A workshop held in Finland last week, as part of the Systemic Architectures for Sustainable Urban Innovation (SASUI) project, addressed one of the most pressing challenges in low-carbon city development, the formation of collaborative partnerships between the public and private sectors as well as the public. The workshop was held over two days (Thursday, February 5th and Friday, February 6th) in Tampere and Espoo, Finland. Hosted together by members of the SASUI project (Aalto University, the University of Tampere, and Synocus).
The workshop included a visit to Tampere, hosted by the University of Tampere, which introduced the participating group of visiting researchers, from Belgium, Italy, Sweden, and China, to an ongoing urban development project in the city, the Tammela project. Researchers from the University of Tampere were joined by Minna Seppänen from the City of Tampere’s Planning department in presenting the ongoing development and the partnerships and collaborative networks involved.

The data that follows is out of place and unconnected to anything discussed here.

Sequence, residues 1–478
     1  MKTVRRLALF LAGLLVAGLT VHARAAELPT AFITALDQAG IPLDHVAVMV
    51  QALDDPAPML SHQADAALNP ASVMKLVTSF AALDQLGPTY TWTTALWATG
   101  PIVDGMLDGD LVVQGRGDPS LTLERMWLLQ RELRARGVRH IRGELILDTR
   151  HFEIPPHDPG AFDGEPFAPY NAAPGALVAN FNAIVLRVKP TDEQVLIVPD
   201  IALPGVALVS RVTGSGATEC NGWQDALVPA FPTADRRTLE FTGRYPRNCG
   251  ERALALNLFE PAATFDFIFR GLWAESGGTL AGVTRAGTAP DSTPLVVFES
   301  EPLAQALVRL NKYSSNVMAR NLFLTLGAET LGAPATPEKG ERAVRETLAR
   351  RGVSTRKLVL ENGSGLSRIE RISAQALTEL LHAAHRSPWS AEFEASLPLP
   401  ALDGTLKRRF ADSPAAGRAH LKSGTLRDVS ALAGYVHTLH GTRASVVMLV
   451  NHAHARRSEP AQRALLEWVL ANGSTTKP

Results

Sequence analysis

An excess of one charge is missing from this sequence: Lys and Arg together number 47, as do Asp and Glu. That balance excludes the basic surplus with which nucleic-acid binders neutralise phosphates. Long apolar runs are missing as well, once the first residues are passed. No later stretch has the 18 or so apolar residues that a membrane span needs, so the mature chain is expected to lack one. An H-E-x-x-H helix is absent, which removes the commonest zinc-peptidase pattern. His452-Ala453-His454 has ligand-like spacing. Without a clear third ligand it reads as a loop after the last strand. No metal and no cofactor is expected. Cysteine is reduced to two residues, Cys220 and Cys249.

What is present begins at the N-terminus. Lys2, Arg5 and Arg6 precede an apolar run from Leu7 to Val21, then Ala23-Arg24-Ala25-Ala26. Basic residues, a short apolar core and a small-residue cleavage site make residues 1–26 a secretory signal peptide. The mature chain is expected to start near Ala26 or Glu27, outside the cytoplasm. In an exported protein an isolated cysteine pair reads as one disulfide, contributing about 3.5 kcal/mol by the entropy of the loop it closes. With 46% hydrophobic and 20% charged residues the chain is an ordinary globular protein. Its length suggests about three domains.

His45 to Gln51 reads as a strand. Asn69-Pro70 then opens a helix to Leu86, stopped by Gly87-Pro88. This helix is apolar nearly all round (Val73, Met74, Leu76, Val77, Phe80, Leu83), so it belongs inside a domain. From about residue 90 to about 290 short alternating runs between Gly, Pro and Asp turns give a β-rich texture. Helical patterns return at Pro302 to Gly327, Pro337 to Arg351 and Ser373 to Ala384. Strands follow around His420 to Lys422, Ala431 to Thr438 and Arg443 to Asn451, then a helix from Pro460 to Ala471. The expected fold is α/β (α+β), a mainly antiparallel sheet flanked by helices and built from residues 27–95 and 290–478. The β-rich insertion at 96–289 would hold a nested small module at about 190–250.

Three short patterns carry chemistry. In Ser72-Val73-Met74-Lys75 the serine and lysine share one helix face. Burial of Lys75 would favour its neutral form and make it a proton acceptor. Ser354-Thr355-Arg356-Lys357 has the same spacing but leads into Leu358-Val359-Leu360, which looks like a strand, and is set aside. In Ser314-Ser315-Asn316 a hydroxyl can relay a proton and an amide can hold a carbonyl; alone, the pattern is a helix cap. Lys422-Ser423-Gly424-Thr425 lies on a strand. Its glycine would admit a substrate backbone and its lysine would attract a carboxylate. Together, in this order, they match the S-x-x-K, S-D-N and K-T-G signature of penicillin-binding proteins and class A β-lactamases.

On Friday the workshop moved to Aalto University’s Urban Mill in Espoo where the day’s presentations addressed three core themes, moving from urban living labs to systemic capability building for urban transition, the role of the local government and national frameworks in supporting innovativeness towards low-carbon urban development, and enabling public-private-people partnerships in urban planning and development with sensitivity to institutional/systemic constraints.
The group of visiting researchers reflected the SASUI project’s global perspective on the development of architectures for urban innovation, including participants from Belgium (Annette Kuhk, KU Leuven), Italy (Grazia Concilio & Emma Puerari, Politecnico di Milano), Sweden (Peter Parker, Malmö University), as well as Ben Chiang from Tsinghua University’s Shenzhen Graduate School who joined the workshop as a representative of the World Alliance for Low Carbon Cities and discussed his ongoing research on Shenzhen’s traffic system.
The two-day workshop provided the SASUI project’s contributing researchers with an opportunity to share perspectives on the development of new forms of collaboration and partnership in urban development and city planning, offering a truly global perspective on the various approaches to this important aspect of sustainable urban development.